Roger Corman Honored at Beyond Fest by Ron Howard, Joe Dante and More



“This is the only person to run a studio who knows how to make a movie,” director Allan Arkush exclaimed, hailing his former boss Roger Corman in front of a sold-out crowd at the Aero Theater in Santa Monica Saturday evening.

Now 97 years old, the unbelievably prolific Pope of Pop Cinema was the guest of honor at the genre-focused Beyond Fest, joining for a panel with Arkush, fellow directors Ron Howard, Joe Dante and Amy Holden Jones and producer Jon Davison — all of whom Corman helped launch into Hollywood under his independent production and distribution company New World Pictures, founded in 1970. After directing more than 45 features, Corman decided to create his own banner, which would go on to help jumpstart the careers of Jonathan Demme, Curtis Hanson and countless other talents.

“I made a picture for American International that made too much money, ‘The Wild Angels.’ It ran up this tremendous gross and they cheated me on the profits. We settled that because they wanted another one. So I directed ‘The Trip,’” Corman recalled, noting the feature that he co-wrote with frequent collaborator Jack Nicholson as a turning point for his career. “That one ran up a big profit and they cheated me again! I remember talking to Ingmar Bergman and he felt Svensk Filmindustri had cheated him of profits. I thought, ‘Well, if everyone is getting cheated of the profits from their distributor, the only thing I can do is become a distributor myself.’”

The Corman tribute followed Beyond Fest’s marathon of four 35mm features produced by the mogul — an all-day affair that began with Arkush’s Ramones romp “Rock ‘n’ Roll High School,” followed by Howard’s debut feature “Grand Theft Auto” and Dante’s horror comedy “Piranha,” the most expensive production in New World history (still economical at a resourceful $600,000 budget, co-financed by United Artists). The series was capped with a screening of Corman’s goofy mood piece “The Raven,” starring Vincent Price and Boris Karloff as sorcerers dueling once upon a midnight dreary.

Mick Garris, left, Jon Davison, Joe Dante, Roger Corman, Allan Arkush, Amy Holden Jones and Ron Howard at Beyond Fest.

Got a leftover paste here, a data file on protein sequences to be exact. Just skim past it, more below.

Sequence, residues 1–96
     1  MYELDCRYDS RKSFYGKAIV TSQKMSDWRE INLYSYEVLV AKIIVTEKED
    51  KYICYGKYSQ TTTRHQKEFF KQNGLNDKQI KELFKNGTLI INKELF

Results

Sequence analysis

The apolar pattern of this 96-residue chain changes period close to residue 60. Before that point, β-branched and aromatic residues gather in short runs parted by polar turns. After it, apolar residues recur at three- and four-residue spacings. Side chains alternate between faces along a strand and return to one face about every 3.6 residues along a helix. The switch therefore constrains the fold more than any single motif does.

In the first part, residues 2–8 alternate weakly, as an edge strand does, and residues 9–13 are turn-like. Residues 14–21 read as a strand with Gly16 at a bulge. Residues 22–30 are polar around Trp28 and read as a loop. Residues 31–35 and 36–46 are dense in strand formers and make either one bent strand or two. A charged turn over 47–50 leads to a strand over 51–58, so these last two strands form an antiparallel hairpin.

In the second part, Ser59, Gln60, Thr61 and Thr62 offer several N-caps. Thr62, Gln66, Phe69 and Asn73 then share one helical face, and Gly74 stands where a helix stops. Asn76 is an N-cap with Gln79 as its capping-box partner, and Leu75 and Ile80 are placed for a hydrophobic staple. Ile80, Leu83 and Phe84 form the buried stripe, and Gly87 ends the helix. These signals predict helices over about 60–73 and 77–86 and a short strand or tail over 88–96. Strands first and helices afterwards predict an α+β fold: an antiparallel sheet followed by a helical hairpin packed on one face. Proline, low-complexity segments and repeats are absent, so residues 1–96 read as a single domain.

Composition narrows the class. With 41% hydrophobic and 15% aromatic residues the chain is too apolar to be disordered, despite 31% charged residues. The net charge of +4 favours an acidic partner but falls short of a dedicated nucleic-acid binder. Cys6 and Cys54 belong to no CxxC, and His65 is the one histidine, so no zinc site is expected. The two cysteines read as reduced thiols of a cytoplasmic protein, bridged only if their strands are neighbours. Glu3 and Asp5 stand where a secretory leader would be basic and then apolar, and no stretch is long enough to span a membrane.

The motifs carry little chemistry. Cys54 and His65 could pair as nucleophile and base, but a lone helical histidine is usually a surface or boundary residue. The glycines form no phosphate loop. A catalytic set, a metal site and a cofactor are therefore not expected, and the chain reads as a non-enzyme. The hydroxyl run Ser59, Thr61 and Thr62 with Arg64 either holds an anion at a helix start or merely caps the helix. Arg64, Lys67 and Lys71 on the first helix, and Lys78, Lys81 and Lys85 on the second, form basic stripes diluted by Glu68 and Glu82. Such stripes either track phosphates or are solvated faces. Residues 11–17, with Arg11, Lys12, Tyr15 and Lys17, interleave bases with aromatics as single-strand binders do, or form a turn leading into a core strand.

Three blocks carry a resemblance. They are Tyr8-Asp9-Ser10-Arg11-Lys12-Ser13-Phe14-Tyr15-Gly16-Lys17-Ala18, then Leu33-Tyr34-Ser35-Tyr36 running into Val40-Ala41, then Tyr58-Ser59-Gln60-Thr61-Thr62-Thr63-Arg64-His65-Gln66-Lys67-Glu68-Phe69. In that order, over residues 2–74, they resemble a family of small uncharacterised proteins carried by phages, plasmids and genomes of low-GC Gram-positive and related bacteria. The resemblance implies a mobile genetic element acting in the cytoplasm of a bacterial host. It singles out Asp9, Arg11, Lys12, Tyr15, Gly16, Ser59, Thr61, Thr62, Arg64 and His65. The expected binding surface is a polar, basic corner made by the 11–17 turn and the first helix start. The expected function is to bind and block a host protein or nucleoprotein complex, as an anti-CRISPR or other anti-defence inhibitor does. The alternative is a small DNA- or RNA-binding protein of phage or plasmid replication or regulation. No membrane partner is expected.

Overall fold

Jared Cowan/American Cinematheque

After the marathon concluded, Beyond Fest played a pair of short video messages from Corman acolytes John Sayles and Todd Field. The first filmmaker offered the producer his congratulations on the tribute, while Field shared a humorous anecdote about meeting Corman at a test screening after acting in one of his films.

“We went to the concession stand and Roger didn’t want anything. I got a very large tub of popcorn. I sat through the movie and was paying very, very close attention, as any actor would, to my work. When I look down, I saw Roger’s hand escaping my popcorn tub and the tub was completely empty,” Field shared, drawing laughs from the crowd. “Smart guy. This is why you’re Roger Corman.”

After that, the eclectic ensemble of Howard, Jones, Arkush, Dante and Davison took the stage one by one, introduced by moderator Mick Garris. Each name earned a round of applause, though the crowd waited to get onto its feet for Corman, who was met with the “longest standing ovation in Beyond Fest history,” per the organization. During the nearly hour-long conversation, each of the panelists noted that Corman demanded hard work. But even that sentiment was voiced with overwhelming warmth, nostalgic for a time when the biggest headaches came on set and not inside boardrooms.

“I’ll never work for anybody again who knows as much about movies as Roger,” shared Dante, who went on to helm the “Gremlins” series. “It’s the hope to work for people who can help you because they know more than you do. There are almost none. They’re no help. In fact, they’re a hindrance. You spend a lot of time trying to please people who don’t know what they want and, if they did, they wouldn’t know how to express it anyway. All of us feel that the best years of our creative lives were spent with someone who knew more than we did.”

“The vast majority of people can’t tell good from bad,” agreed Jones, who helmed the cult horror feature “Slumber Party Massacre” under Corman. “You get notes on cuts that don’t make sense. You get reshoots that aren’t fixing what’s actually the problem. Mainly, the executives can’t tell good from bad. Roger knew it immediately.”

Corman first forayed into film as a critic for the Stanford Daily before going on to work under a producer, initially only compensated with first-hand experience. After producing two features, he decided to take on directorial duties for the third: his 1955 debut “Five Guns West.”

“I had no training as a director whatsoever. I saw what the directors were doing, and I thought, ‘I could do that!’” Corman said. “The picture turned out to be successful and suddenly people were hiring me as a director. I was essentially learning as I went along.”